The assassination on 28 June 1914 of Archduke Franz Ferdinand, heir to the throne of Austria-Hungary, threw the world into chaos. It brought to a head simmering international tensions and precipitated a conflict that lasted for more than four years. By the time it ended with the Armistice on 11 November 1918, more than 70 million military personnel had been drawn into the fighting and more than 9 million of them had died. This conflict became known as The Great War, because it was thought to be the war to end all wars. History tells us that wasn't to be; just 21 years later Hitler's megalomania led to World War Two.
Many young British and Australian men (among those of many other nations) enlisted to do their bit for their respective countries, and, I suspect, for civilisation.
In 1914 Australia's population was about four million. More than 38% of the total male population aged between 18 and 44 enlisted for service. Nearly 60,000 (or 1.5% of the total population) died, 167,000 were wounded, and 4,000 were taken prisoner. The Australian casualty rate (proportionate to total embarkations) was the highest of the war.
The population of the United Kingdom was 42 million in 1911. At the peak of the war 4.2 million, or 10%, were members of the armed services. Of those who served, nearly 750,000 died. That figure represents 1.2% of the total population.
The Reality of War
This slideshow highlights the destruction caused in Belgium and Northern France by the First World War. It will play automatically, but the slides can also be changed manually by hovering the mouse over the image and clicking on one of the arrows. Right advances to the next image; left returns to the previous one.
The photos are a stark reminder that war is ugly and has untold effects on nations and their people; the statistics show the horrible toll the war took. However, both are cold and impersonal; they don't tell the countless stories of individual suffering and loss caused by the war. Among the young men who served in the armed services were several members of my extended family. This article is about them.
Relatives Who Served in The Great War
John Alfred Silby
Gunner John Silby was the third of Dad's older brothers. He enlisted in the British army and was serving with the Royal Field Artillery when he was killed on 26 April 1916, apparently at Salonika (Thessaloniki) in Greece. He was just 23 years old. He is buried in Amara War Cemetery, Iraq. John's name is one of those on a memorial in Bozeat, his home village. Complete and accurate information about his service is not available because army records were destroyed by German bombing during the Second World War.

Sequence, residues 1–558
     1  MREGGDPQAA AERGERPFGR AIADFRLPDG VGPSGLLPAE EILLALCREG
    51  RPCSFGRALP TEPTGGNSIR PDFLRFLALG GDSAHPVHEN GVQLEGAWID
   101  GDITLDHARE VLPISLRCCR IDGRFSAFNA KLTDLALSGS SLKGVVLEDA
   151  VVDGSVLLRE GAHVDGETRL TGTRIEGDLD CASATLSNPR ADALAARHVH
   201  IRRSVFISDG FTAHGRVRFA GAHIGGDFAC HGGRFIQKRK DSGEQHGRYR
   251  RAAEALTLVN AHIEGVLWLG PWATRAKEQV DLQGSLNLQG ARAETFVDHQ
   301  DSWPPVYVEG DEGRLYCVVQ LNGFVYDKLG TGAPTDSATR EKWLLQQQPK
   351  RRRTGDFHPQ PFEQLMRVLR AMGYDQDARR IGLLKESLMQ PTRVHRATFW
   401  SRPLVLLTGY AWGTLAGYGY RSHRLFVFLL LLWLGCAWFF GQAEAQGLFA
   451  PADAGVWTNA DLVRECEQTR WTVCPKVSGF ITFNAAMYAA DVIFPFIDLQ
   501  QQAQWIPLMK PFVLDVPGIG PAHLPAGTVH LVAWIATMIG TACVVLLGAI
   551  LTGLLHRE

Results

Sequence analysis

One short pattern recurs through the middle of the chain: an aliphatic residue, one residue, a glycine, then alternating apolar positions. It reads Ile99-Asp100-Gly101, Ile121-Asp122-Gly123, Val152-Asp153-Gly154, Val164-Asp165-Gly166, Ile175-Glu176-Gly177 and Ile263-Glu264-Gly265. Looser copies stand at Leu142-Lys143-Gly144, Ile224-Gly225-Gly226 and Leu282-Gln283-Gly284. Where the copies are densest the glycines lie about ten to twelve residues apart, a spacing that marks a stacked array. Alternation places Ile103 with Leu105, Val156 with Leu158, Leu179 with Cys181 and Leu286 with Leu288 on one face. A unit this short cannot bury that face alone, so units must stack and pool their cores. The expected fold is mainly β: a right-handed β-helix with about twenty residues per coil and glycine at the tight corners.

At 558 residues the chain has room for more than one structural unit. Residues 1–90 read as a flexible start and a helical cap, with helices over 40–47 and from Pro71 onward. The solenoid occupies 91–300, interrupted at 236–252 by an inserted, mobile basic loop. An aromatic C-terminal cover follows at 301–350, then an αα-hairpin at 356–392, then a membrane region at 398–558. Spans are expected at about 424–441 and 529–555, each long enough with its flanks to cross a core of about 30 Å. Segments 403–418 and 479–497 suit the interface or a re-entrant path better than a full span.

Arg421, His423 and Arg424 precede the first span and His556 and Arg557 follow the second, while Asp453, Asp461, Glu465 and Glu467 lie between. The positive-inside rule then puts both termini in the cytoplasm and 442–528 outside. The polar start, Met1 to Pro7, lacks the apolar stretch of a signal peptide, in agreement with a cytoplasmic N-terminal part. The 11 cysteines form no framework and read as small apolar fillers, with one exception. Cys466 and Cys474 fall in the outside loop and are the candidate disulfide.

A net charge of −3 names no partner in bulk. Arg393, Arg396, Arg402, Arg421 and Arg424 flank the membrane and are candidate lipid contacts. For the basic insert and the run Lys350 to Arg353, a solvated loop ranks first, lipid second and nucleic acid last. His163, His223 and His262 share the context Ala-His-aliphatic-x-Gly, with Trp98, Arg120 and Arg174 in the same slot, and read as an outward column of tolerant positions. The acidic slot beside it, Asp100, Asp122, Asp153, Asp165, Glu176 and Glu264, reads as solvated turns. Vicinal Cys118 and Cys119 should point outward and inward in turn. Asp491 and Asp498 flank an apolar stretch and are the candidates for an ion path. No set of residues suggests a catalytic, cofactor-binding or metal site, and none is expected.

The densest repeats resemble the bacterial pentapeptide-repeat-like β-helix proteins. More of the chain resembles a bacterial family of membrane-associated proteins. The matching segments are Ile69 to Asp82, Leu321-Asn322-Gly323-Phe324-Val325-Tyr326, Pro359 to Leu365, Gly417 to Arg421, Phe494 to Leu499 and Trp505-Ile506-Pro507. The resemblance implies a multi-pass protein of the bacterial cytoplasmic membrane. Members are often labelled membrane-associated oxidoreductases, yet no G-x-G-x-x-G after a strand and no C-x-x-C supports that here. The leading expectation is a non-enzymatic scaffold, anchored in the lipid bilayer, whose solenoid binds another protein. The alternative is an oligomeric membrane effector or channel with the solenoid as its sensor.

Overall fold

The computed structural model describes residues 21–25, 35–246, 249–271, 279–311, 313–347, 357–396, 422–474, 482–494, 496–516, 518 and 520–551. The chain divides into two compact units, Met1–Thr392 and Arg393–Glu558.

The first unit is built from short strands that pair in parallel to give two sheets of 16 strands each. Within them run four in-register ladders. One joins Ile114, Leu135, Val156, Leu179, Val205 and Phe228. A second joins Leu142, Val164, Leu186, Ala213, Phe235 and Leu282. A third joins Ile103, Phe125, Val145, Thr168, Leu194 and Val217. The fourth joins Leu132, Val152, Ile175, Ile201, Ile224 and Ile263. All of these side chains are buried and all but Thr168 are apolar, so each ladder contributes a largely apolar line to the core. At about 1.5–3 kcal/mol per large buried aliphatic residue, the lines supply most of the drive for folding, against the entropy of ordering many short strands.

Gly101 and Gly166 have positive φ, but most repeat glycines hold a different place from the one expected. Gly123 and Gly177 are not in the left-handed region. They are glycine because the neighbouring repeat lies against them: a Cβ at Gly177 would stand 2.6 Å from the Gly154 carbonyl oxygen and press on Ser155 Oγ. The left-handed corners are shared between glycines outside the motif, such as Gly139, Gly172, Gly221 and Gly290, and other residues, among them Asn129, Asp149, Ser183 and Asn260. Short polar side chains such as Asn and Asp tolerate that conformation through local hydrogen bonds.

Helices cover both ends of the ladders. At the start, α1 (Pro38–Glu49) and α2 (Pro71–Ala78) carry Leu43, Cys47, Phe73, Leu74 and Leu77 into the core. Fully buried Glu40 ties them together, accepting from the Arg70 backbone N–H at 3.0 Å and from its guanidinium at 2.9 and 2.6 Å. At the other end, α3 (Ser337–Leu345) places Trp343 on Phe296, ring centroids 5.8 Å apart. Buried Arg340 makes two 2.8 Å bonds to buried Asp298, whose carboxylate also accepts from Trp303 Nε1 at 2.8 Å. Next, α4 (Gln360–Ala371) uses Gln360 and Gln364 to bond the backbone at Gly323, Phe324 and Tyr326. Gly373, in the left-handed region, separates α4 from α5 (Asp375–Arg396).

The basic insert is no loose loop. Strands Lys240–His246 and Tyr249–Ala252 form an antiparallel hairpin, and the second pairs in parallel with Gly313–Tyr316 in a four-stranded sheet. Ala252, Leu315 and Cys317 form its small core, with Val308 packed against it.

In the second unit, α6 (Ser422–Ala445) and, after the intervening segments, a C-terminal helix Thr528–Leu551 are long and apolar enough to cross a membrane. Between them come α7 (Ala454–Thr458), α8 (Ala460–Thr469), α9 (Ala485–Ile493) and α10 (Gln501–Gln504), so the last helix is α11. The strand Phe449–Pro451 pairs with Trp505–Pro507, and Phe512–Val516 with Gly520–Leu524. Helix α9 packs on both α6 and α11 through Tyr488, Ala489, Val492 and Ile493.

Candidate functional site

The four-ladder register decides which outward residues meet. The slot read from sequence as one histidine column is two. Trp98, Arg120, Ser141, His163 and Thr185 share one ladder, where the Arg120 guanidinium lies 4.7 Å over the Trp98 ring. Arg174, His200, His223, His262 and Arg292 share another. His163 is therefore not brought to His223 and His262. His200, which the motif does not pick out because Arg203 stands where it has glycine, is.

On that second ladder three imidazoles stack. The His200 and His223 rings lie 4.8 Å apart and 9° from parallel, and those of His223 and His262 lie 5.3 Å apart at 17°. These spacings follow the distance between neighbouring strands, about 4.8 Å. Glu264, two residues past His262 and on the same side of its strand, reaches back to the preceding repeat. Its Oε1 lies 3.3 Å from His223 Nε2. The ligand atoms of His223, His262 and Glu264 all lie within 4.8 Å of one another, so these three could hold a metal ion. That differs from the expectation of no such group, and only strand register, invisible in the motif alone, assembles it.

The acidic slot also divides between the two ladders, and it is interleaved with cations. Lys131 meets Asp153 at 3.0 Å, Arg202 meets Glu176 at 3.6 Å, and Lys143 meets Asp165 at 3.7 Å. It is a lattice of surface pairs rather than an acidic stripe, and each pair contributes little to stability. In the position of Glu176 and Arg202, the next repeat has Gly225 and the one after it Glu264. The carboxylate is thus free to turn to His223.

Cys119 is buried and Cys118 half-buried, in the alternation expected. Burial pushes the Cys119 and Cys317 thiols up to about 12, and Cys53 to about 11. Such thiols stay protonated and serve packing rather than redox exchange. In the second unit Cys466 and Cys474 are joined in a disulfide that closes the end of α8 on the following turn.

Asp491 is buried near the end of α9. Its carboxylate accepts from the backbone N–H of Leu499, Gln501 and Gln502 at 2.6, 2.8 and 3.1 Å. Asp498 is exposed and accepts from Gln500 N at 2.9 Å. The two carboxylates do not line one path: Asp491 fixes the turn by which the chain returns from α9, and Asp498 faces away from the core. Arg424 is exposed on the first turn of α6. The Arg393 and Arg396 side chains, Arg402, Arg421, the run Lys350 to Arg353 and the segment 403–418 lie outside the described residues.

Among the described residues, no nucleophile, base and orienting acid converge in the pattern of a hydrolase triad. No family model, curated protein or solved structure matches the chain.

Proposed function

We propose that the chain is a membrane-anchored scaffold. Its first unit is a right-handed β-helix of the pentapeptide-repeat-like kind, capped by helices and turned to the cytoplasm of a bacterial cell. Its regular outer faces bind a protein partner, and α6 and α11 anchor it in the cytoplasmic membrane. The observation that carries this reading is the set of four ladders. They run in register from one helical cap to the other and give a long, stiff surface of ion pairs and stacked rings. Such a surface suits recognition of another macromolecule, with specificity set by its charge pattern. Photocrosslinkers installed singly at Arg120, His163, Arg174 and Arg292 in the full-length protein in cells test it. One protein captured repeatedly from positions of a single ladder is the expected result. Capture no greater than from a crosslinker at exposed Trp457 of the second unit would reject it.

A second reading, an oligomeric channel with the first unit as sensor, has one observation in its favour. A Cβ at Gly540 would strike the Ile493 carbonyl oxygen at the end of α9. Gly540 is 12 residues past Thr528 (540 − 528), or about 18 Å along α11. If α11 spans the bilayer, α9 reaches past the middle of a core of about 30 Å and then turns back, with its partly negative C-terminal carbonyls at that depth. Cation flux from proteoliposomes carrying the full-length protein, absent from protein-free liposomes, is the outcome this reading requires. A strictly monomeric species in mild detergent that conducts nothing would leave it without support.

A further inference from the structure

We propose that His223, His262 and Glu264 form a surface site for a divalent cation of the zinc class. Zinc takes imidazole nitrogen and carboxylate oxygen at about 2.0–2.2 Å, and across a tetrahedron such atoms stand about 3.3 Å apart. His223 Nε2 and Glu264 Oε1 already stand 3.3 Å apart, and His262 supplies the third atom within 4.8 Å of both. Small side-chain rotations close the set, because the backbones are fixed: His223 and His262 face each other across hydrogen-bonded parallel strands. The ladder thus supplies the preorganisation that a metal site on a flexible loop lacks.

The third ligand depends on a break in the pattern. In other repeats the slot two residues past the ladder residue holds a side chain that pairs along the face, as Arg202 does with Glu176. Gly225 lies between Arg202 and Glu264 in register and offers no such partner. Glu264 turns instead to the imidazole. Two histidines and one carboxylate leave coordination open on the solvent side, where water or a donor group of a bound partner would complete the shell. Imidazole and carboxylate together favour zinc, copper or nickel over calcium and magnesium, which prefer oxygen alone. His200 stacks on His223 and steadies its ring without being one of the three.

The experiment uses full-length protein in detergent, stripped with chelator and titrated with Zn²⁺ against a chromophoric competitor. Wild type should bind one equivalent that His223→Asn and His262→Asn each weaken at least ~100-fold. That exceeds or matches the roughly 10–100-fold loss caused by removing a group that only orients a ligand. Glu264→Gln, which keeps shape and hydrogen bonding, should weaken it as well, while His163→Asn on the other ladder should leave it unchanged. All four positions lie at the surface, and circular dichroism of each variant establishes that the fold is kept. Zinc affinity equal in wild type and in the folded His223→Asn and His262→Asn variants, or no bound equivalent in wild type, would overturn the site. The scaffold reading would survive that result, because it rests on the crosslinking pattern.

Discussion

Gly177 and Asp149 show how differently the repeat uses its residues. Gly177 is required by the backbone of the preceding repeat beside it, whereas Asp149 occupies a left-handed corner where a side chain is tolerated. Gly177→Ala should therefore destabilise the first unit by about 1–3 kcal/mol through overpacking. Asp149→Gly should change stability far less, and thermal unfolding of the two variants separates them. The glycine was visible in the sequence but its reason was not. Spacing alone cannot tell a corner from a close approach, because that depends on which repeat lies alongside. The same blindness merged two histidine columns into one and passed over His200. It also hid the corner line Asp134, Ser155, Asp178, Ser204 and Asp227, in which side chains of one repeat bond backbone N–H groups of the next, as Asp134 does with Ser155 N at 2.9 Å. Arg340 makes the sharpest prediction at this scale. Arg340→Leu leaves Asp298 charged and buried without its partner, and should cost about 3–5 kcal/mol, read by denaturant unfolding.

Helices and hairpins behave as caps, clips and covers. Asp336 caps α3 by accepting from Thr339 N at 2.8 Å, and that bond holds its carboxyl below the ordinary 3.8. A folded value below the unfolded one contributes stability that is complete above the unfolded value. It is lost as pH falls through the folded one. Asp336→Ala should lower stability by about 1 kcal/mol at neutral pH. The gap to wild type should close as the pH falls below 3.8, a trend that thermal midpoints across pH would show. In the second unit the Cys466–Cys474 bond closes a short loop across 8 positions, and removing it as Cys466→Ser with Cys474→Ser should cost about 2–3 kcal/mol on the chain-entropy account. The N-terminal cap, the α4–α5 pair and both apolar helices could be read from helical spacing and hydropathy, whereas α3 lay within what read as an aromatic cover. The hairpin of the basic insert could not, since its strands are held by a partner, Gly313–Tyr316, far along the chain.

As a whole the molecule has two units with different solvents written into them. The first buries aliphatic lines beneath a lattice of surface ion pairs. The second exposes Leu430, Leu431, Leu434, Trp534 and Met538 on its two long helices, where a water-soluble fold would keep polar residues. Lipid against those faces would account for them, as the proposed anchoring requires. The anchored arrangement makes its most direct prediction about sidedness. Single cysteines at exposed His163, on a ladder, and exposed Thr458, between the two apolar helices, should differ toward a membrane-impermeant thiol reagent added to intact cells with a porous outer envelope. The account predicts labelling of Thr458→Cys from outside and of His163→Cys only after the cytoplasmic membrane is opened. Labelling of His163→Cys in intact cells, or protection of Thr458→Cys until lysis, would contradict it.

Thomas Bertram Silby
Bert was the next oldest brother and the one closest in age to Dad. By then living in Australia, he joined the Australian Imperial Force in 1915 and first served with the Fourth Light Horse Regiment. In March 1916 he was transferred to the 2nd DAC (Divisional Ammunition Column) at Zeitoun, Egypt, and left almost immediately for France where he seems to have served with the DAC for the rest of the war. He returned to Australia in 1919.
Cecil Edward Silby
Ted was my father. He was only 14 when war broke out, and still at home in Bozeat. He enlisted six months before the war ended. He was in training in Belfast, Northern Ireland, when hostilities ceased, so never saw action. He came to Australia in 1920, after he was demobilised.
James Gardiner Daniel
Jim joined the 7th Battalion AIF in August 1914—just weeks after the war started—and was immediately promoted to Lance Corporal (possibly because he had previous service as a cadet). Two months later he left Australia. He took part in the Gallipoli campaign, where he was promoted to sergeant and later wounded. After nearly two months recovering in Hospital in Malta he returned to his unit on the Greek island of Lemnos. In March 1916 he was sent to France. After an incident on board the transport ship he was court-martialled, the charge being that he left his post while on submarine watch. Despite mitigating circumstances (he'd suffered an adverse reaction to inoculations and had sought help which was denied) and glowing references he was found guilty and stripped of his rank. The rest of Jim's war was served in northern France and Belgium. He regained his rank of sergeant, but on 26 February 1917 he received a gunshot wound to the thigh. He died two days later, and is buried in Dernancourt Communal Cemetery Extension, France.
Samuel Dobinson Daniel
Sam was Mum's dad, my grandfather. He was a widower and 37 years old when he enlisted in March 1916.
Arthur Fairley Dobinson
Arthur was Sam's cousin. He had just been promoted to Lance Corporal and was serving with the 24th Battalion AIF in France when he was wounded and reported missing. Later he was reported killed in action but his body was either not found or not identified. His death is commemorated at Villers-Bretonneaux Memorial.
- Australian War Memorial: Enlistment statistics and standards First World War, http://www.awm.gov.au/encyclopedia/enlistment/ww1.asp, accessed 5 July 2012.
- Hicks, Joe & Grahame Allen.1999. A Century of Change: Trends in UK statistics since 1900, House of Commons Library, London, http://www.parliament.uk/commons/lib/research/rp99/rp99-111.pdf, accessed 5 July 2012.